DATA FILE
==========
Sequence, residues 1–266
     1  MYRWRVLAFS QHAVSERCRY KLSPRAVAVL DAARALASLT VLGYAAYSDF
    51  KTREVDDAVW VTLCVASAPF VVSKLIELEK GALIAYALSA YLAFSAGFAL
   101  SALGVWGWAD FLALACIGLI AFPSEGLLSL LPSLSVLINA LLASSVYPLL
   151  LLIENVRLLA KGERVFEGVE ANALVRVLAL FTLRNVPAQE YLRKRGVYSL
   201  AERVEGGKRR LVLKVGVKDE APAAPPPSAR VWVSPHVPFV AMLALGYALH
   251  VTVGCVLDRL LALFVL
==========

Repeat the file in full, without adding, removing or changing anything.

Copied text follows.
Sequence, residues 1–266
     1  MYRWRVLAFS QHAVSERCRY KLSPRAVAVL DAARALASLT VLGYAAYSDF
    51  KTREVDDAVW VTLCVASAPF VVSKLIELEK GALIAYALSA YLAFSAGFAL
   101  SALGVWGWAD FLALACIGLI AFPSEGLLSL LPSLSVLINA LLASSVYPLL
   151  LLIENVRLLA KGERVFEGVE ANALVRVLAL FTLRNVPAQE YLRKRGVYSL
   201  AERVEGGKRR LVLKVGVKDE APAAPPPSAR VWVSPHVPFV AMLALGYALH
   251  VTVGCVLDRL LALFVL